How politics affects business

By Ryhaan Shah

That any Government minister anywhere would ever contend that there is no connection between business and politics; especially when that Government is overseeing a shrinking economy resulting from bad policies and widespread corruption, has sacked thousands from a traditional agro-industry for sheer vengeance on its political opponent, and shows utter disregard for the rule of law; that any Government minister bearing this baggage can say to business leaders they must stay clear of politics is either sheer audacity, or else ignorance of how business works.
But that is exactly what Minister of Business, Dominic Gaskin, did when he addressed the recent Business Development Forum hosted by the Georgetown Chamber of Commerce and Industry. He told business leaders they must stay clear of politics and concentrate on the creation of business.
Even non-business types know that stock markets rise and fall on just statements made by political leaders, because politics can affect the stability and worth of corporate stock in a matter of minutes. The political environment impacts business, and the stability or instability of a Government is always a primary risk factor; no business decision is made without considering this basic.
That there are no new investments and no significant business expansion stem from the political uncertainty in the local marketplace, and despite all the trumpeting of the oil discovery off our coast, no investors are flocking to Guyana. Recent articles in “The Wall Street Journal” and “New York Times” gave international media exposure to the find, but with the caveat of the inherently widespread state corruption. Not many investors would risk capital ventures in such an economy.
For business people, the political environment is the least predictable of all risk factors, since it is out of their control; and with the Granger Government’s poor performance in just about every sector — economic and social — that exposes its racism, unlawfulness and incompetence, it is no surprise that the marketplace is jittery.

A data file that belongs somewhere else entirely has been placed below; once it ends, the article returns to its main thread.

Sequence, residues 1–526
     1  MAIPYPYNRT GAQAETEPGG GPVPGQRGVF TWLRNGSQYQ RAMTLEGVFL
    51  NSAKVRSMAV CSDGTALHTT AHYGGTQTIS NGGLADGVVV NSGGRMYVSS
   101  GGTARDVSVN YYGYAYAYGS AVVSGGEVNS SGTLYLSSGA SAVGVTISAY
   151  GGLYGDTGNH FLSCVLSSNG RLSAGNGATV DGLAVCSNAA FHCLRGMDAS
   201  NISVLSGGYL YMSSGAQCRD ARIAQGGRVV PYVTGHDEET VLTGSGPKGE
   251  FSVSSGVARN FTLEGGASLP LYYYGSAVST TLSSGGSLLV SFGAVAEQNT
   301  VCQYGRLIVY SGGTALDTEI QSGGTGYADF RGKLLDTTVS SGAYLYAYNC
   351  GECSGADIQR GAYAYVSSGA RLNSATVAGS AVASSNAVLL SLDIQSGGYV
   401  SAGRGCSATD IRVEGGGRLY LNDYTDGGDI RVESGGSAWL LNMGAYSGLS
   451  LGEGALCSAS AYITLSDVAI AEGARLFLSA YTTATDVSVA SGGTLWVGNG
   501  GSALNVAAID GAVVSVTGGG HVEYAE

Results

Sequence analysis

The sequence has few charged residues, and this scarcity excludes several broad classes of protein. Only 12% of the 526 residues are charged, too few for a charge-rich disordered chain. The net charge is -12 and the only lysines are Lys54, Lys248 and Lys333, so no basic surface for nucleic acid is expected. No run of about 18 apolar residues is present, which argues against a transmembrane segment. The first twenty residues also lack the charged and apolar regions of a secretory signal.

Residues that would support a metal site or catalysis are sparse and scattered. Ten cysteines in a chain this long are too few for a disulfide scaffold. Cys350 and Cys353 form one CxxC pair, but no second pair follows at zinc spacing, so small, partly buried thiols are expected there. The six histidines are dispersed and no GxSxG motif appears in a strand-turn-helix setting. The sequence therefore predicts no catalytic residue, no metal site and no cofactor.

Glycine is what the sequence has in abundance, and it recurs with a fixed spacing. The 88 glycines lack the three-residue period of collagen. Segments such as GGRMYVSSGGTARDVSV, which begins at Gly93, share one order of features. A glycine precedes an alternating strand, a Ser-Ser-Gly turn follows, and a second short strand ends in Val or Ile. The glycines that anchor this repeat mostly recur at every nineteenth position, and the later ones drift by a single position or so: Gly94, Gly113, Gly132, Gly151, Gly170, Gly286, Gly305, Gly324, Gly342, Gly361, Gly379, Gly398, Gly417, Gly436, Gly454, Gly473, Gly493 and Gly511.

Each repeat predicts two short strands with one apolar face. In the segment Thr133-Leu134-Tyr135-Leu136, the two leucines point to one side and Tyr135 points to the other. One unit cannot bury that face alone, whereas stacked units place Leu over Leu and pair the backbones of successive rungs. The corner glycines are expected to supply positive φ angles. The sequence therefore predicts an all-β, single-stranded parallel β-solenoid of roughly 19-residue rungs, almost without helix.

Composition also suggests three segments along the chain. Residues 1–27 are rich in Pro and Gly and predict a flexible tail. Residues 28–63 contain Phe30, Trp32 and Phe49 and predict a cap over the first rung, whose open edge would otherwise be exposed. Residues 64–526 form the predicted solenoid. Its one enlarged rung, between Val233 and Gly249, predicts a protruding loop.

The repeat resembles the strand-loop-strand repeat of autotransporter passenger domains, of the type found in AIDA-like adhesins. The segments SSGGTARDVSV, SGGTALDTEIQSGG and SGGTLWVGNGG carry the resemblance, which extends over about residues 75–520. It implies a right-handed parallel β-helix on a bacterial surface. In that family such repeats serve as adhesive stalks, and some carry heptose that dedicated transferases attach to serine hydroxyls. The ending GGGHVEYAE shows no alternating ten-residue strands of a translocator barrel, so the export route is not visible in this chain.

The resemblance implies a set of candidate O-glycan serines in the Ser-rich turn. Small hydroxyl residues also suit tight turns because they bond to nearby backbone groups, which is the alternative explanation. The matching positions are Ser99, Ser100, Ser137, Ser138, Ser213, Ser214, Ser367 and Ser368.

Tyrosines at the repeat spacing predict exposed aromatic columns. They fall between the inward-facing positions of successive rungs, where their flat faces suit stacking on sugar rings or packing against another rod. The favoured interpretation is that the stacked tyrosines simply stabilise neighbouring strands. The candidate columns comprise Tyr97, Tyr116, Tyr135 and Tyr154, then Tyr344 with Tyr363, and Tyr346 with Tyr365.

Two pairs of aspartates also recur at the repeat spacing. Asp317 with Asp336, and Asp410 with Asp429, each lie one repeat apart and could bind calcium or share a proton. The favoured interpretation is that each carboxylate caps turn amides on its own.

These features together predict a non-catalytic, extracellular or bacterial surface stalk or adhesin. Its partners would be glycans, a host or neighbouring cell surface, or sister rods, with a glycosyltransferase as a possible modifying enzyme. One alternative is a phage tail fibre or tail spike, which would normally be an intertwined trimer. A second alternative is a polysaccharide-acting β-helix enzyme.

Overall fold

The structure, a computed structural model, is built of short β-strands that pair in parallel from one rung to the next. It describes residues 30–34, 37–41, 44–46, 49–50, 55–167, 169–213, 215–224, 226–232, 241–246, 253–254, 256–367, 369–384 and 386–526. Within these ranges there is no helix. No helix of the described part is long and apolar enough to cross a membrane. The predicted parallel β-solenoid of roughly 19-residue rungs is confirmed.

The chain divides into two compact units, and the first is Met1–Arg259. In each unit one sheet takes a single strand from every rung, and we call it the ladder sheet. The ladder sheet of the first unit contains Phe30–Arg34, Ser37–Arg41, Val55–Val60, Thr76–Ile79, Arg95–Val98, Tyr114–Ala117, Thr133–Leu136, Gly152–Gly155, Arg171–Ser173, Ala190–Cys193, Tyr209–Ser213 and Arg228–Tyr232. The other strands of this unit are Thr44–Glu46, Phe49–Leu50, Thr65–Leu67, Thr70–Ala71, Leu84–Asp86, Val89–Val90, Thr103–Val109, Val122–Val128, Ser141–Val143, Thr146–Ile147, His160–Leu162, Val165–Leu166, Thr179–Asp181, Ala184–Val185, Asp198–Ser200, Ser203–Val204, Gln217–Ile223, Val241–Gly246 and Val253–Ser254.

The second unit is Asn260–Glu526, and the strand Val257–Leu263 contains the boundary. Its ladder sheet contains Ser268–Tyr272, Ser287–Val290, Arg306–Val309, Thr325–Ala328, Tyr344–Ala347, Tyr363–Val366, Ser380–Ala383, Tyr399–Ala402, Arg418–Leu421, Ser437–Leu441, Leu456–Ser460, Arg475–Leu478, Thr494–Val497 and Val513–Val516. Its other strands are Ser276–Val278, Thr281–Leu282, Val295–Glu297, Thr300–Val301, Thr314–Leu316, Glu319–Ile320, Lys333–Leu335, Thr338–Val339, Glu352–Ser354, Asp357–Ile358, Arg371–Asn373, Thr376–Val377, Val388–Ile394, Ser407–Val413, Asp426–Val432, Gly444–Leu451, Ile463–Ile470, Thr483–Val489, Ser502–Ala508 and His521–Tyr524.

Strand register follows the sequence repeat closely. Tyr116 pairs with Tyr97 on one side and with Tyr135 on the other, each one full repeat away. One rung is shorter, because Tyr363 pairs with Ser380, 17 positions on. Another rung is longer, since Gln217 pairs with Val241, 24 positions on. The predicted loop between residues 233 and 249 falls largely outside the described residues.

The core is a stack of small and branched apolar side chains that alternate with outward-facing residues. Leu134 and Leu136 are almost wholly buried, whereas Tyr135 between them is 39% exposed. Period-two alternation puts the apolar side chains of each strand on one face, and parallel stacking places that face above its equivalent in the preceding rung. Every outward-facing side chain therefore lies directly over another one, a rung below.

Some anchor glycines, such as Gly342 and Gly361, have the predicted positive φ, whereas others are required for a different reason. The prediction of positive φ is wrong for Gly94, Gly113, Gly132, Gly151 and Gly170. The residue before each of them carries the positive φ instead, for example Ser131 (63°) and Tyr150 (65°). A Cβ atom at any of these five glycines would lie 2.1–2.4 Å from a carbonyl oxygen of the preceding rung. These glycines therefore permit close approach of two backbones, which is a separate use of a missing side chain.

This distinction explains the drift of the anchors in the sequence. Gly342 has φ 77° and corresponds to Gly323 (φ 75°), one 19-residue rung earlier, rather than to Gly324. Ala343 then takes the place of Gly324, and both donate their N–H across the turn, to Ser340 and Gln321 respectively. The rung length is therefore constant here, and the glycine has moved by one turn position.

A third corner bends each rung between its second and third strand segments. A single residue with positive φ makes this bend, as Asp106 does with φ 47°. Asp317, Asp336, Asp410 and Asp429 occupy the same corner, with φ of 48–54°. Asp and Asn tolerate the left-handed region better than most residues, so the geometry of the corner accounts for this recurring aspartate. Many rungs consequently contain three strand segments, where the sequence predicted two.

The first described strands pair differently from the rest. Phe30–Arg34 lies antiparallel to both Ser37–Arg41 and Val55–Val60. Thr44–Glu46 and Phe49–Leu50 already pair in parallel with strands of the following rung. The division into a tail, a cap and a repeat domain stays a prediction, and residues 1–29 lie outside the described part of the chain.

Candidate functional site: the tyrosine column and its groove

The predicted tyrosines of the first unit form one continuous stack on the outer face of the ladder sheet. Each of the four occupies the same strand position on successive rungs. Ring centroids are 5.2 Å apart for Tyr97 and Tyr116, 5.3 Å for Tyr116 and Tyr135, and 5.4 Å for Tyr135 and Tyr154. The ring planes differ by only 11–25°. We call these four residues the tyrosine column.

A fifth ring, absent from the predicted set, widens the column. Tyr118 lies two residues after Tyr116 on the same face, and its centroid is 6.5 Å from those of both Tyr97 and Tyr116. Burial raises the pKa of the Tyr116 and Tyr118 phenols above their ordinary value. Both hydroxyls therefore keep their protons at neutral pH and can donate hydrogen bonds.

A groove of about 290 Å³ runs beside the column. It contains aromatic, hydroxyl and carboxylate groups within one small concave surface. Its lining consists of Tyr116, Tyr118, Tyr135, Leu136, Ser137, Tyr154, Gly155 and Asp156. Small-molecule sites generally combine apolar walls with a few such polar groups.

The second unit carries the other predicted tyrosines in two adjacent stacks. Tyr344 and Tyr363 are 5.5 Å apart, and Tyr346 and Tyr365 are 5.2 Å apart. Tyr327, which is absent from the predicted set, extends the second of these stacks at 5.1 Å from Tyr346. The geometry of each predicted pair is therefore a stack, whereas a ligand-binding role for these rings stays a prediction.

A list of the ways politics affects business includes not only the level of state corruption, but red tape and bureaucracy in administrative processes; tariffs and taxation; involvement in trade unions and wage negotiations; consumer protection laws; environmental pollution regulations; freedom of the press; health and safety laws; and that most critical factor regarding policies that would be tough on crime.
Import and export taxes, concessions for investments, customs and excise regulations are all political decisions that have a huge impact on business and investment. They also impact the relationship between the business, its customers, suppliers, and its relationship with other companies. The nexus between commerce and politics is so vital and so intrinsically linked that for any business to stay clear of, and take no interest in, the country’s politics would be to their peril.
The political environment of a country affects its economy. This is a basic equation of business. Political instability or uncertainty leads to lessened or no investor confidence. There is no creation of business, as Gaskin wants, in this kind of environment.
Much of the current business uncertainty could have resulted from Granger’s vow to return Guyana to Burnhamism. The PNC was the architect and instigator of political violence for over 50 years through riots, ethnic attacks, the “slow fyah mo’ fyah” campaign, and the Buxton Terror. With PNC protests targeting Regent Street for looting and arson, they were undoubtedly intended to impact negatively not only on business, but the Government, economy, and the society as a whole.
Guyana continues to suffer from capital flight because of the real fear of a return to PNC dictatorial rule. Note that the Granger Government does nothing to dispel these fears. Instead, Guyana’s fragile democracy is being methodically dismantled.
It is not only the private sector that is concerned about the balance of payments’ deficit which has skyrocketed to US$94 million compared to the US$8.8 million for the corresponding period last year. While the increase is due to higher fuel costs, lower earnings from exports, especially sugar and gold, have contributed to the larger deficit; and most of the citizenry are alarmed at the state of the economy, given that last year Government had to continually revise the projected growth rate downward from the expected 3.8 per cent to the final figure of just 2.1 per cent.
Instead of admonishing the business sector to stay clear of politics, the Granger Government should seek their advice on the policies needed to restore investor confidence and economic growth and stability. This would help achieve that goal of the good life for everyone.